Cache Valley virus (CVV) effects seen during winter lambing season
BROOKINGS, SD – Sheep producers busy during this lambing season should be aware of the potential for Cache Valley virus, or CVV, to affect their lambing crop.
That’s according to South Dakota Cooperative Extension Sheep Specialist Jeff Held, who said CVV reports are higher this year.
“The winter lambing season is well underway, and in addition to dealing with snow and cold temperatures, many flock owners have reported an unusual number of lambs born with skeletal and other developmental deformities,” Held said. “Diagnostic laboratories including the South Dakota State University Animal and Disease Research and Diagnostic Laboratory (ADRDL) at Brookings have confirmed CVV-affected newborn lambs.”
Held continues to work with Extension Veterinarian Russ Daly and Larry Holler, pathologist at the SDSU ADRDL to monitor the CVV situation this winter. Daly said that although CVV is found throughout the U.S., the reported cases affecting sheep in South Dakota and the upper Midwest region historically have been minimal.
“Mosquitoes cause CVV infection in sheep, and last fall during the early breeding season (August through September) there remained a high population of these pests following the warm, wet summer,” Held said. “In addition, sheep-flock owners have reported a higher incidence of open ewes and lower lambing rate this winter, and we often associate lower ewe reproductive efficiency, low lambing rates, and higher percentage of open ewes with ram fertility, nutritional status at breeding, and weather induced embryonic death losses. However, CVV also can contribute to reduced ewe reproductive efficiency.”
Daly explained that Cache Valley virus is a potential cause of the birth of abnormal lambs, and that the most dramatic effects of the virus lead to birth defects in lambs, mostly affecting the brain and central nervous system. The virus also affects the skeletal tissue and muscles.
Daly said these defects show up as fused joints, curved or twisted spines, unusually thin and underdeveloped muscles, and enlarged skulls.
“Most lambs born with these severe defects are stillborn, yet CVV also can cause the birth of lambs that act abnormal,” Held said. “They can be drowsy, weak, or unsteady and typically all lambs within a set of twins or triplets are affected.”
Daly added that the virus infects pregnant ewes and that mosquitoes are the sole carrier of CVV.
“That’s why we’ll start to see effects now in the early lambing season,” Daly said. “These undesirable outcomes are a result of mosquitoes that carried the virus biting ewes last summer. CVV has no apparent effects on non-pregnant ewes or other classes of sheep.”
Ewe infections early in gestation, up to day 28 generally, result in fetal reabsorption, but Held said the most critical period is between days 28 and 45 of gestation.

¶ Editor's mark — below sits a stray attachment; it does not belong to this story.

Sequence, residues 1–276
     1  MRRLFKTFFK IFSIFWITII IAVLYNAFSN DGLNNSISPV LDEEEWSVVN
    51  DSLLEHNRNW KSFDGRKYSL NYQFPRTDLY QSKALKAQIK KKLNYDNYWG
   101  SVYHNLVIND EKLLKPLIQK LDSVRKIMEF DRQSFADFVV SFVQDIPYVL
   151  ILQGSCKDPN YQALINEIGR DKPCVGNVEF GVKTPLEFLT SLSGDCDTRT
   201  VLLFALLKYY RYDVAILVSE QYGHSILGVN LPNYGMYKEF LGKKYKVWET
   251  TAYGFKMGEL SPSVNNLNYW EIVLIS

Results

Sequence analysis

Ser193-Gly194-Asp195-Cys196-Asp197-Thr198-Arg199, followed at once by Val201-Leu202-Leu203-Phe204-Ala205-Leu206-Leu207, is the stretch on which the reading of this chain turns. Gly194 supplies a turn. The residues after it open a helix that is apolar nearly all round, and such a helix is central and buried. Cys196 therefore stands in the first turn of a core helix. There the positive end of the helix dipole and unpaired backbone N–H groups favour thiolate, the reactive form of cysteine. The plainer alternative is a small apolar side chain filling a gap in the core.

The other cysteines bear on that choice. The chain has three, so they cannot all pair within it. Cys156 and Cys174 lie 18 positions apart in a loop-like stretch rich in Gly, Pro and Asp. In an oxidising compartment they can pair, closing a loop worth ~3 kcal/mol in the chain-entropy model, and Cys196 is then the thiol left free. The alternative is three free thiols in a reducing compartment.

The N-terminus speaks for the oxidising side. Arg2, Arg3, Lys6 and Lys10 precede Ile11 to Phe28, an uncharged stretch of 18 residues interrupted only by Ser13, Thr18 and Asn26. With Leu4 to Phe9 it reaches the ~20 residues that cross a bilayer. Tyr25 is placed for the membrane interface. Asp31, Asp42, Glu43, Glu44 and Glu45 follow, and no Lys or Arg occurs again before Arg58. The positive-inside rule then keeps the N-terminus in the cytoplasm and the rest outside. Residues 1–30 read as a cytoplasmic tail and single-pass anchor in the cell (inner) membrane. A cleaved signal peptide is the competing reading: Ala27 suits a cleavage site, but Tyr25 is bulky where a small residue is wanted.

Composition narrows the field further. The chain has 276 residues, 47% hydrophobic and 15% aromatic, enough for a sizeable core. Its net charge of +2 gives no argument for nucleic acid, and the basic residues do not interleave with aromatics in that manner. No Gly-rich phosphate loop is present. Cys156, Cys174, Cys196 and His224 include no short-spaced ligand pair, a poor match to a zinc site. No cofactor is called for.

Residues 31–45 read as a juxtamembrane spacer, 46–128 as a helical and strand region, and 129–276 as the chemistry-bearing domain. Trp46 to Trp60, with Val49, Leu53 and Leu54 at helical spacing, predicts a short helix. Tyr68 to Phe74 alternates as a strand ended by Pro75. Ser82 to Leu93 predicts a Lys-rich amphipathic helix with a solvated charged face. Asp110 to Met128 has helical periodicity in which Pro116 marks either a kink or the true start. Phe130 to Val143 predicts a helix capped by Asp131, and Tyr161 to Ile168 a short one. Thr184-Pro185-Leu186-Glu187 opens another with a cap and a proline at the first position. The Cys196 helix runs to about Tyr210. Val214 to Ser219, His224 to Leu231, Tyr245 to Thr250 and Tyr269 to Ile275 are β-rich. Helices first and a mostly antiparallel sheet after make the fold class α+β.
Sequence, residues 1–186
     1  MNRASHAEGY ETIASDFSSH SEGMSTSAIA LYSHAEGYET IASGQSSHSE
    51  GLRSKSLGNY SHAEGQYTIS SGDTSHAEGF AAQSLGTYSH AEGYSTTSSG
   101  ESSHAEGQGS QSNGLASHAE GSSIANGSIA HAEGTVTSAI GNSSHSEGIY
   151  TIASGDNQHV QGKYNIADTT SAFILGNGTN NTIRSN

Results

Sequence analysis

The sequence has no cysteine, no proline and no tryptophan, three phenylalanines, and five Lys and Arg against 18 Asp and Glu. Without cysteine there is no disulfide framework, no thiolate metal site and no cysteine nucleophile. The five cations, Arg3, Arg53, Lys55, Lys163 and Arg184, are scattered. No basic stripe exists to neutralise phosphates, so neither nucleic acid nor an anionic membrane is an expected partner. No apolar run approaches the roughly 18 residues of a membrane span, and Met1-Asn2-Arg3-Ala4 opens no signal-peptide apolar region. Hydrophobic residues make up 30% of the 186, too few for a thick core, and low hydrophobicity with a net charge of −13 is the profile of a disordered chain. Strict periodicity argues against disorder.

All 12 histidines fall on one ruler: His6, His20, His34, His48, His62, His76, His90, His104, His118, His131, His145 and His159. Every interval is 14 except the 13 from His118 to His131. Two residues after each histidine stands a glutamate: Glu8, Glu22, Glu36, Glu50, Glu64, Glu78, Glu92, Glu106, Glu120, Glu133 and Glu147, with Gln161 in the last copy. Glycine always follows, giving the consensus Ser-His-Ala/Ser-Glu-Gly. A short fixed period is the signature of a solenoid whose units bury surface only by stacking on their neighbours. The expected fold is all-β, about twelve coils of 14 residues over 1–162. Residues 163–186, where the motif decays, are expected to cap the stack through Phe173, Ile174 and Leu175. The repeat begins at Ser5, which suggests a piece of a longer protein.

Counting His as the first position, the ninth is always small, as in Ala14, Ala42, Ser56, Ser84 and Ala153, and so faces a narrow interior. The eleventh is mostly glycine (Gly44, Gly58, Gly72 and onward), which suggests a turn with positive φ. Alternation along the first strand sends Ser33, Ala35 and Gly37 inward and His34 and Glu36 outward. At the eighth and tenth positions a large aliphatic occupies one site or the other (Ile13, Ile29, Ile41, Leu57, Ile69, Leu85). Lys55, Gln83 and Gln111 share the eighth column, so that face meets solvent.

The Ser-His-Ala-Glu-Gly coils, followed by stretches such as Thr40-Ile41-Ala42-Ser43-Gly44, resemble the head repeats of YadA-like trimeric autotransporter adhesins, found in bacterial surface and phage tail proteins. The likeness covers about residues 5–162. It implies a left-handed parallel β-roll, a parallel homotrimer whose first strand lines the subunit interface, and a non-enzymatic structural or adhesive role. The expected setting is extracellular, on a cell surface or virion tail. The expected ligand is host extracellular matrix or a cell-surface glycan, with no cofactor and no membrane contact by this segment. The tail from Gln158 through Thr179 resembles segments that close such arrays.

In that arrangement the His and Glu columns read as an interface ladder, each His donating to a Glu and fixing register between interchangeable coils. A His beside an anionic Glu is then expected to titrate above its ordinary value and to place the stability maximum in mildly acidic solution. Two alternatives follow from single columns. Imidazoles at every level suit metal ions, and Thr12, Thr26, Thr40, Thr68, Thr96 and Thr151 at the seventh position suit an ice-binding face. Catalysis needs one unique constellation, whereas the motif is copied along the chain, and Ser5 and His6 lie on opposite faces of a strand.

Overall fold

“Infection at this stage of pregnancy has the highest risk of CVV-related neonatal developmental abnormalities,” said Held. “After day 45 of gestation, a CVV infection is not expected to cause abnormalities in lambs.”
Held said that ewes bred later in the fall after the mosquito activity had declined are expected to have lower risk to deliver lambs with clinical CVV induced abnormalities and return to normal flock lambing rates. Daly added that the virus is not contagious.
“We want to remind producers that the virus is not spread from ewe to ewe, even during the lambing season,” said Daly. “Unfortunately, there is no vaccine for CVV. Since the cause is a virus, there are no treatments available, either.”
Daly and Held both said that CVV is constantly present in sheep populations in the U.S. Clinical manifestations of the disease tend to occur in cycles, as the sheep population seems to gain some natural immunity after infection. As this immunity wanes over a period of years, the clinical effects become more prevalent. Past research with this virus has shown that a high percentage of the ewes in a flock will develop immunity including ewes that delivered clinical CVV and normal lambs.
“Sheep producers suspecting CVV should contact a veterinarian in order to rule out other causes of birth defects, miscarriages, or infertility,” Daly said. “Diagnosis of CVV is sometimes difficult, but can be made in the laboratory by detecting specific antibodies against CVV in the lambs.”
In most cases, a diagnosis is made on the basis of the history and nature of the birth defects within the flock. Daly and Held can help South Dakota sheep producers who have questions about this virus. Call Daly at 605-688-6589, or e-mail him at this address: Russell.Daly@sdstate.edu. Or call Held at 605-688-5433, or reach him through e-mail at this address: Jeffrey.Held@sdstate.edu.
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